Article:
Zang is not alone. Back in 2018, Robin Li, CEO of internet firm Baidu, suggested Chinese people didn’t care about privacy and were willing to give it up for convenience. But his view was met with a barrage of negative comments online, and a survey in 2019 by Nandu Personal Information Protection Research Center, a research institute associated with the Southern Metropolis Daily newspaper, found that 80 percent of over 6,000 respondents were concerned about their facial information being leaked.
Another survey of 20,000 respondents last year found that 60 percent felt facial recognition technology was being abused. Still, 65 percent also believed that the benefits of the technology outweighed the drawbacks. Zang is still willing to use the technology, despite her worries. “It’s really convenient, and during the pandemic, people don’t want to touch anything because they are worried about the virus…so it’s probably safer,” she says.
Another source of concern comes from the use of facial recognition technology by private companies. In the second half of 2020, it emerged that a number of real estate companies had installed facial recognition cameras in their showrooms to establish whether prospective buyers were first-time customers (thus eligible for discounts that amounted to 300,000 RMB at one showroom), and to work out how the customer had been referred to the company.
These cameras were installed and captured facial data without clients’ knowledge or consent. Similarly, there have been reports of property management companies installing facial recognition software at the entrances to apartment complexes without the residents’ permission, heightening citizens’ awareness of the dangers of losing their face.
Facial data is biometric, and unique to every individual, like a fingerprint. Unlike a fingerprint, however, it is contactless. “There’s no way to escape it. If that information is leaked, there’s no way to get it back,” says Zhou Wang, associate professor at Nankai University’s Zhou Enlai School of Government. “You can change your ID number, phone number, and address; but you can’t change your biometric data.”
Not only is there a worrying trend of companies taking facial data without permission, it is also not clear how these companies protect the data—or if they can. “Property management companies have basically no incentive to update their systems or protect the data they collect,” according to Professor Lao.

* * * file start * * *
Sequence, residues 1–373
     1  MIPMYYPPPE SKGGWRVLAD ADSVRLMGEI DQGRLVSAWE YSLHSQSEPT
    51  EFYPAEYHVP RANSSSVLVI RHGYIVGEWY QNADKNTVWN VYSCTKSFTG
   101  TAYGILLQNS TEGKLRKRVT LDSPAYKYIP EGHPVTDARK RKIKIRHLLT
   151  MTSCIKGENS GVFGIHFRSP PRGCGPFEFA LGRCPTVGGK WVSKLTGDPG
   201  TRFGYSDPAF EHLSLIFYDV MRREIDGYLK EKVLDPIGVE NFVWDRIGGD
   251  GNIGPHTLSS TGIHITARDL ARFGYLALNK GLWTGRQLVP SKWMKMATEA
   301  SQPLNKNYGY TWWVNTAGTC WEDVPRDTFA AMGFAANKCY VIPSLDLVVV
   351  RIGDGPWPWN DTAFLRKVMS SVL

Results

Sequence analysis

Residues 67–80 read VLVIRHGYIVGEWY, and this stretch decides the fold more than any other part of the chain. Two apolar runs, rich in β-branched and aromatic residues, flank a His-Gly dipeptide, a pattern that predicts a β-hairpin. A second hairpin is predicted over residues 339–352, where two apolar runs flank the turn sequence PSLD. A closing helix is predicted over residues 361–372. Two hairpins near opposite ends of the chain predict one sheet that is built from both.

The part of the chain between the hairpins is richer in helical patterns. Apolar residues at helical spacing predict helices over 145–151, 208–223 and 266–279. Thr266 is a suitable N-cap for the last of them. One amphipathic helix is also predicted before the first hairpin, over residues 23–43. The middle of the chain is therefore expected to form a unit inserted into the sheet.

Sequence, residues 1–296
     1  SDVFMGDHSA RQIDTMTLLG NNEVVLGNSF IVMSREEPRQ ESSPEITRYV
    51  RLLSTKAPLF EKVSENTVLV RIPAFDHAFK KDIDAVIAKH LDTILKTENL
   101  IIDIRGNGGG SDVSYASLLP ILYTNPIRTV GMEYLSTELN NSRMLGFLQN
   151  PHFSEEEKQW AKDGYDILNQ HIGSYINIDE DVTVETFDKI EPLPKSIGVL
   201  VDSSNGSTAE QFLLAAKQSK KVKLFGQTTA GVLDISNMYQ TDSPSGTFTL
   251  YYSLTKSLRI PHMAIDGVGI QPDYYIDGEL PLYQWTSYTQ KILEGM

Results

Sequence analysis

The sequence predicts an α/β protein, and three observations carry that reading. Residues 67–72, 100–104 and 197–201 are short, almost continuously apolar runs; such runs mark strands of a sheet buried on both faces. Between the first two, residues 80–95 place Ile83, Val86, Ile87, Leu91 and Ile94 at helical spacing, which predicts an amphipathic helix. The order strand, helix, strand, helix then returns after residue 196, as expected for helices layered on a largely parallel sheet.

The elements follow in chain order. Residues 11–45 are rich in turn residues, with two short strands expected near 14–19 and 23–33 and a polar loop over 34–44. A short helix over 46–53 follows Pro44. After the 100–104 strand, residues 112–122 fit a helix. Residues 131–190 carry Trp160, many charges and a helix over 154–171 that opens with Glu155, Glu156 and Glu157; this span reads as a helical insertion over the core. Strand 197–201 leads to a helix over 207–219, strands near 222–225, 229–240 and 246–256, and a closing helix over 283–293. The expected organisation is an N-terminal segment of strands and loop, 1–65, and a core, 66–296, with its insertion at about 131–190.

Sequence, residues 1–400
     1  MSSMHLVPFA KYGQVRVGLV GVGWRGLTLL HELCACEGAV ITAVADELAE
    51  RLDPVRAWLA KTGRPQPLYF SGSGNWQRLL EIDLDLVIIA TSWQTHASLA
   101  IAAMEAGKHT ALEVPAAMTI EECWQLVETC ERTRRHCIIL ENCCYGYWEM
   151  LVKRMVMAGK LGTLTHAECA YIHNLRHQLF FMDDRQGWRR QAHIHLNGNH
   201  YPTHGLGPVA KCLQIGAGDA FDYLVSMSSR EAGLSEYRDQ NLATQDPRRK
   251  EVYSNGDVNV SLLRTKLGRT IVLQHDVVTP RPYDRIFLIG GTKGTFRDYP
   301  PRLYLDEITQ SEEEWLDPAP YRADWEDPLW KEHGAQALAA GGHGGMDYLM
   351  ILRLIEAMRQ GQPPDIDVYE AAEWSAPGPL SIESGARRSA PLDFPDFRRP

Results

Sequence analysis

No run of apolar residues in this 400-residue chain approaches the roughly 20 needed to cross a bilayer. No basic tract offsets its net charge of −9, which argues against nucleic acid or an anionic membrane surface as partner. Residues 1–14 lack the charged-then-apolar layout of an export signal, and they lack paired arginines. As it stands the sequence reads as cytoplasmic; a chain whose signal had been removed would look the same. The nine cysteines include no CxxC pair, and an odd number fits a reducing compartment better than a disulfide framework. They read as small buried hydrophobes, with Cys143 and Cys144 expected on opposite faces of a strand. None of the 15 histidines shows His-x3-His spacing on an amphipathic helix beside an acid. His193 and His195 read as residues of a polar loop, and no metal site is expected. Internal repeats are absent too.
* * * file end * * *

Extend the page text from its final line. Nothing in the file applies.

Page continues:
Jia Qi (pseudonym), a university student in Beijing, recalls when her school installed facial recognition cameras in the dormitories around two years ago. “It felt like I was suddenly living in a sci-fi novel,” she tells TWOC. “No one asked if we agreed to give up our facial data…they didn’t tell us about data protection, or get us to sign a privacy agreement.”
Similarly, there are facial recognition cameras in the teaching buildings at Professor Zhou’s university, but no one ever asked if he consented to sharing his facial data: “If they install it, they install it; everyone just accepts it,” he says.
This is in part because there is no dedicated law for biometric data yet in China, so it is unclear who is responsible for managing, storing, and keeping data safe. There is no comprehensive law equivalent to, for example, the EU’s General Data Protection Regulation. This law, which took effect in 2018, gives citizens the right to have their data deleted and requires companies to obtain explicit consent to collect user data.
At present, China’s data privacy regulations exist only at the city or industry level, and usually refer to standards rather than legally binding rules. This has led to a scenario where regular people, consciously or not, are giving up their facial data without knowing where or how it is stored or used, often to companies with little expertise in safeguarding the data.